"Esten Kithen," Rinaal was hollering, "do not set foot on those stairs until we are done talking to -"

"I'm not twenty anymore, Mom! I said I was sorry!" cried Esten. "I don't have to listen to everyone until you happen to be done screaming at -"

"You knew what that man was like! What did you trade the lead for? An interview with an ambassador? A press pass to a Parliamentary hearing? What? What was worth destroying Rhysel's privacy and mine?" Tekaal snapped. Rhysel winced; she couldn't remember ever hearing her boyfriend that angry. "What did he offer you that was so valuable?"

Esten's answer was drowned out by Linisaar's pleading, "Everyone, please, calm down, please, this won't solve -"

"Linisaar, you have things you'd prefer not to see printed, too," Evaad said, albeit at a more reasonable volume. "Esten breached confidence, loophole or no loophole, and -"

"I didn't know what he was going to write! I told him there was a story in the kamai department, that's all -"

"That's not all, Esten!" Tekaal roared, and Linisaar made a piteous noise.

"Rhysel?" said one of Tekaal's cousins, the only woman, coming in from the other side of the hall. The shouting family members hadn't noticed Rhysel's presence yet. "What are you doing here? Come in away from the yelling..."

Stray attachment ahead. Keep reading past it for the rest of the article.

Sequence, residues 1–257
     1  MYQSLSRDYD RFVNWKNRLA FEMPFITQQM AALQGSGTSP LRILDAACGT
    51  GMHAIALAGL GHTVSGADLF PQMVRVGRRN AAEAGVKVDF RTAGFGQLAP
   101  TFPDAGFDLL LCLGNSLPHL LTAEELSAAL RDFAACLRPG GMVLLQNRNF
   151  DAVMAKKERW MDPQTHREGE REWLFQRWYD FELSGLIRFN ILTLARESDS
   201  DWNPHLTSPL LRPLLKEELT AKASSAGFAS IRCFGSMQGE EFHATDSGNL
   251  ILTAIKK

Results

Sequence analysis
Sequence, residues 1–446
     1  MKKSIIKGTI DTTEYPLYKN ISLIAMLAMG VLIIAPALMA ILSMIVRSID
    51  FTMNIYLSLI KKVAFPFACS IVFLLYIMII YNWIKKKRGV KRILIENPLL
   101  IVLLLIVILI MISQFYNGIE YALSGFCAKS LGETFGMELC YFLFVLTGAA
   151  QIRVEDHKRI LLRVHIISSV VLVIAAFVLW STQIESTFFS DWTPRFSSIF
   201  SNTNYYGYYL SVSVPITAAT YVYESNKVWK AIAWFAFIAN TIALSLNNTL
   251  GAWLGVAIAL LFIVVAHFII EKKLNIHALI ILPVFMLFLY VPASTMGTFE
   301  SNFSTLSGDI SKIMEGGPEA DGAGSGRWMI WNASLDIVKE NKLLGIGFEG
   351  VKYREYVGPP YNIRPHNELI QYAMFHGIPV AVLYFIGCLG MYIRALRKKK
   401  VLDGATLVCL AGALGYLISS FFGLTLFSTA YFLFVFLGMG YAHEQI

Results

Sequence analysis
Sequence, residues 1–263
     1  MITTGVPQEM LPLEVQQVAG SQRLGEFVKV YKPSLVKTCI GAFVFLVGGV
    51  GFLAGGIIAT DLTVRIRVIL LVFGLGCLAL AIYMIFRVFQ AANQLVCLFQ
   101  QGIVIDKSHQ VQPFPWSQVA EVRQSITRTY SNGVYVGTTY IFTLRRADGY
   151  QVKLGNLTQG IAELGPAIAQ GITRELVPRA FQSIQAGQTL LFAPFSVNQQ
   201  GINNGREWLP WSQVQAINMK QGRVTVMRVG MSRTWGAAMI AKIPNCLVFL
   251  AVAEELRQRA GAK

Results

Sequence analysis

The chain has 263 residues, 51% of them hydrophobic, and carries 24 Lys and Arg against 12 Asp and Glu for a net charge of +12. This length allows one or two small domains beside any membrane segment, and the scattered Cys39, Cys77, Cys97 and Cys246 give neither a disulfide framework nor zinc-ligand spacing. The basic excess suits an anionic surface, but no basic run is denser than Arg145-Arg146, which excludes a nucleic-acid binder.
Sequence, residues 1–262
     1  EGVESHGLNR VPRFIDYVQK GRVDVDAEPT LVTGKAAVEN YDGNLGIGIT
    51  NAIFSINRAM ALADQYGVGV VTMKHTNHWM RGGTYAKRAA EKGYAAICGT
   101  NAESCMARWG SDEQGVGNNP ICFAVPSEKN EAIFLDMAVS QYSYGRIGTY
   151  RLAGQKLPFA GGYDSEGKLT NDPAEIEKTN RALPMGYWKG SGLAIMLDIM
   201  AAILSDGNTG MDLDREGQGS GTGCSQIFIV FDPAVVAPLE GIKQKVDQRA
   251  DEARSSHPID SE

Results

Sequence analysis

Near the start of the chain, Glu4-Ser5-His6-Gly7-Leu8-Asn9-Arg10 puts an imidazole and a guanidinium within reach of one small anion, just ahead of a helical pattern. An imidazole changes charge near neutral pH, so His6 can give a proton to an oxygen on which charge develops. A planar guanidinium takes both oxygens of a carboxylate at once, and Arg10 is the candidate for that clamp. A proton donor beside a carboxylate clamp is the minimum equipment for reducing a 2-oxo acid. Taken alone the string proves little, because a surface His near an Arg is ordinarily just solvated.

Rhysel followed the cousin through the abandoned second parlor and into the dining room, where it was a bit quieter. "I'm sorry, I can't remember your name -"

"Feris," supplied the cousin. "Tekaal's mother's twin's middle child. The little boy of the house is my son. That help?"

"It does. Er, has Tekaal been shouting at his brother since early this morning?"

"There've been occasional lulls of mere hissing and glaring," Feris said. "People keep going in trying to break it up and starting the shouting part again instead. I'd stay out unless you think you can extract somebody instead of just participating yourself."

"Well, I came intending to get Tekaal. We were going to get lunch, and then he was going to check on a letter for me," Rhysel said.

"Check on a letter?" Feris asked.

"I sent one to my blood sister back in Barashi, asking her to find a kama who'd ask my Master some questions -"

"I read the article," Feris said. "Isn't he -"

"He died, but a death kama can talk to him, if he's willing. But Eryn's having some trouble finding a death kama who'll talk to him when I'm trying to be as confidential about some of the questions I want to ask as possible," Rhysel said. "They don't like the idea of being responsible for letting me have a conversation when they can't be sure of what everything in it means. If Eryn doesn't manage to find one for me in the next week or two, I'm going to ask someone to send Tekaal to Barashi so he can try." Rhysel sighed.

"Oh." Feris didn't ask what it was Rhysel needed to talk to Revenn about. "I'm not sure if you'll be able to get Tekaal out of here until Esten coughs up what he got in trade for the lead on your program," Feris said. "It was probably good. He's never pulled anything like this before. I mean, he's a reporter, but he stayed away from family."

"I don't like that my parents are being libeled in the press, but -"